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Friday, 4 September 2009

Attack on Hamid Saeed Kazmi and the Taliban inside Islamabad

Feeling insecure in Islamabad

The federal religious affairs minister, Mr Hamid Saeed Kazmi, escaped death at the hands of terrorists on Wednesday at Islamabad’s GPO chowk. He was driving out of his office without much security. His driver has been killed and his guard has sustained wounds. Mr Kazmi has received a bullet in his leg. What is shocking is that everyone knew that he was the target of the terrorists; he had told the government that he might be next in line after the assassination of Allama Naeemi of Lahore earlier in the year.

Let’s first look at why he was in the crosshairs, something which the government thought it could ignore. Despite his last name, Mr Kazmi is not a Shia; he is in fact more vulnerable than a Shia: he belongs to the majority Ahle Sunnat school of thought, also called Barelvi, whom the Taliban think culpable because the Barelvis don’t favour the apostatisation of Shias. More relevantly, he was targeted by the Taliban because he had organised a Pakistan-wide clerical consensus against suicide-bombings.

Mr Kazmi had asked for his security to be beefed-up after he received threats from quarters that he clearly identified with elements that work for the Taliban. He may even have known that these elements were located inside Islamabad. (SSP Islamabad has confirmed that the terrorists who attacked him with Kalashnikovs from their 125cc motorbike were from inside Islamabad and had not entered the capital city from outside.) The truth is that anyone located in Islamabad is a sitting duck because the Taliban are better represented here than any other city in Pakistan.

Pakistan first felt how it was besieged in the capital when the Lal Masjid crisis broke in 2007. The army was called out to evacuate the inmates of the madrassa after it was reported that terrorists were lodged inside it. What came as a shock was the support the Lal Masjid clerics received from the lower middle class and poor community living in its vicinity even after it had become clear to them that they would be defying the Pakistan Army. Once the government got bogged down, Lal Masjid clerics called out their mediators: Fazlur Rehman Khaleel of the banned Harkatul Mujahideen headquartered in Islamabad; Shah Abdul Aziz, recently on trial for beheading a Polish engineer; and Javed Ibrahim Paracha, known as the “Al Qaeda lawyer”.

General Musharraf and his regime were defeated on the issue of Lal Masjid by an errant media. Despite the fact that its clerics clearly betrayed their sectarian identity and declared their allegiance to the Taliban, the surviving head of the Masjid was let off by the Supreme Court. In 2008, the popular view manufactured by the media swung in favour of Lal Masjid even as the world identified it as the high-water mark of the dominance of Taliban and Al Qaeda in Pakistan. For instance, in Holland when the Dutch protested against the building of a mosque, their placards read: “No more Lal Masjids!”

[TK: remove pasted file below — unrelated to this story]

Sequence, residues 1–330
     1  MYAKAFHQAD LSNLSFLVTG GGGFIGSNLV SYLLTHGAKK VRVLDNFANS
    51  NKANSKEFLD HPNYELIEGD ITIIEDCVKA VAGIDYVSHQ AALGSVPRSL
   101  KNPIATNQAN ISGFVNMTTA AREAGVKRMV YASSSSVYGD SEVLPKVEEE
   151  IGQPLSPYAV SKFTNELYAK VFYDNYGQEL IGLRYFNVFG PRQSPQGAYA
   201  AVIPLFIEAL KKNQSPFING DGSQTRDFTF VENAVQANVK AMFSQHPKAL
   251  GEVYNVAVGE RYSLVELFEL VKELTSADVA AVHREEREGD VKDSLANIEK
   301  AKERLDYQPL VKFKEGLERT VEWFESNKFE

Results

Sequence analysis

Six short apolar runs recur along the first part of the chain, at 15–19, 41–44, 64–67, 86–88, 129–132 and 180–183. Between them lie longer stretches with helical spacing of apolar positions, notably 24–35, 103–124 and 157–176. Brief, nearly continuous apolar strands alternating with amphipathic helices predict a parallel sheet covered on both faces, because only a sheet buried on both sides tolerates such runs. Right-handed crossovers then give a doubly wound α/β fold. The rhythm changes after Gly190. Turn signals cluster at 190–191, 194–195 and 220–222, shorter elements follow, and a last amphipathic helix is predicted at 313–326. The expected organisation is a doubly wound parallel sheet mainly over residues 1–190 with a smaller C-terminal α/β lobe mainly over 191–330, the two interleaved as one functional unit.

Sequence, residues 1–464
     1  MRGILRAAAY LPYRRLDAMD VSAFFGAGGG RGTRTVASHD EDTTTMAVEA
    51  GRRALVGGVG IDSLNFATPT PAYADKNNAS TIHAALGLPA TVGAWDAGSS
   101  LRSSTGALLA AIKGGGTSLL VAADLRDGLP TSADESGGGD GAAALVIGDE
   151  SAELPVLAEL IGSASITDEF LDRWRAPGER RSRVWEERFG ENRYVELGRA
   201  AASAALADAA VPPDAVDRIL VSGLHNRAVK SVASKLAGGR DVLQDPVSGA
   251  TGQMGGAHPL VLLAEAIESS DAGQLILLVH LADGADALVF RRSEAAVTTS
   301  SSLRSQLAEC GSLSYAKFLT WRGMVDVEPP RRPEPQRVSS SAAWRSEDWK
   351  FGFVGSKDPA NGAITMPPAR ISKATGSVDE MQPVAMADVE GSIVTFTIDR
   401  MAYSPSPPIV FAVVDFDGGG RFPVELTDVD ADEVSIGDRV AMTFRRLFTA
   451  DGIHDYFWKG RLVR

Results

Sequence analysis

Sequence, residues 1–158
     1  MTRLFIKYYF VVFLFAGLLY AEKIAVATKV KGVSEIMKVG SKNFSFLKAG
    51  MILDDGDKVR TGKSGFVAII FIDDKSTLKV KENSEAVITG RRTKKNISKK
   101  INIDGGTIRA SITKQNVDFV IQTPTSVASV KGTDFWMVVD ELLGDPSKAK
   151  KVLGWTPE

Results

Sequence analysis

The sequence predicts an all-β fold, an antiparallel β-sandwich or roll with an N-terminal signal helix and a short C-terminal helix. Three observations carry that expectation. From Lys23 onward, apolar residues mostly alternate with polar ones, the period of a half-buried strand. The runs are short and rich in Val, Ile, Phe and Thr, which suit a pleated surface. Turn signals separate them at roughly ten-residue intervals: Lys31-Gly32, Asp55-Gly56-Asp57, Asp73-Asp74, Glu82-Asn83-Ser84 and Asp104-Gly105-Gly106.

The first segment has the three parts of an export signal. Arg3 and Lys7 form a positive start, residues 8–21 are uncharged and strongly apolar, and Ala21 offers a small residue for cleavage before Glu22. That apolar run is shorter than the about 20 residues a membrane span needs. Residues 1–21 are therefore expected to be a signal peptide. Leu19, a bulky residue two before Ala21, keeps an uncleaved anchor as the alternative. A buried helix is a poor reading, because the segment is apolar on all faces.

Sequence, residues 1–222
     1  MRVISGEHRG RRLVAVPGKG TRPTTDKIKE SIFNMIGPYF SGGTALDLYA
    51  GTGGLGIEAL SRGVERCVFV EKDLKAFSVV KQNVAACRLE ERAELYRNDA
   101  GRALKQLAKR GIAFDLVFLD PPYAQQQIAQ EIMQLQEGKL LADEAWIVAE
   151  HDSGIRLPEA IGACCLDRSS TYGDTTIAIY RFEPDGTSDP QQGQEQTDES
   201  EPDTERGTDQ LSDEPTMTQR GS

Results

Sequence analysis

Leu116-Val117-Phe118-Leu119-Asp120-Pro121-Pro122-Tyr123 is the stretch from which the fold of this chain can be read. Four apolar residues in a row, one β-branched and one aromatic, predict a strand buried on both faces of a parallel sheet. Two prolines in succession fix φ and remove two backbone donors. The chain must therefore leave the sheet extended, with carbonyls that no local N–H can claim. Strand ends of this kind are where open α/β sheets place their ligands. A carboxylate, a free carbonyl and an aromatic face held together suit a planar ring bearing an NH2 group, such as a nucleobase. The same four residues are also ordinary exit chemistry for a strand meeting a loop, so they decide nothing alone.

A year after the Lal Masjid incident, Islamabad had still not become fully alert to the “extra-territoriality” of the mosques in the city. One popular Karachi daily editorialised in September 2008: “We are forced to refer to the Lal Masjid affair because 70 new illegal mosques have come up in Islamabad, and the local administration and the Capital Development Authority have done nothing about it. Lal Masjid did not turn into a bastion for militants overnight. The Ghazi brothers gradually expanded the mosque under their control and built new structures, including living quarters for their families”.

Islamabad is not a secure city. Foreign diplomats who live here feel endangered. Many Pakistanis who seek honour in isolationism draw comfort from the fact that “foreigners” are uneasy coming to Islamabad. The truth is that the city has become “Talibanised” among the lower classes that outnumber the rest of its population. Anyone who has held a discussion among the lower middle class student community there would bear witness to this fact. Yet, those Pakistani circles that are endangered would rather focus on how the Americans and other foreigners have made Islamabad unsafe by beefing up their own security arrangements!

Sadly, the TV reporter is querulous in tone when he reports on the “hundreds of barriers” erected by Islamabad police to minimise incidents of terrorism in the city. The media message is: Islamabad is suffering because of the security barriers and the Americans. But this message goes in favour of the Taliban and Al Qaeda who would like nothing more than the removal of all obstacles in Islamabad.

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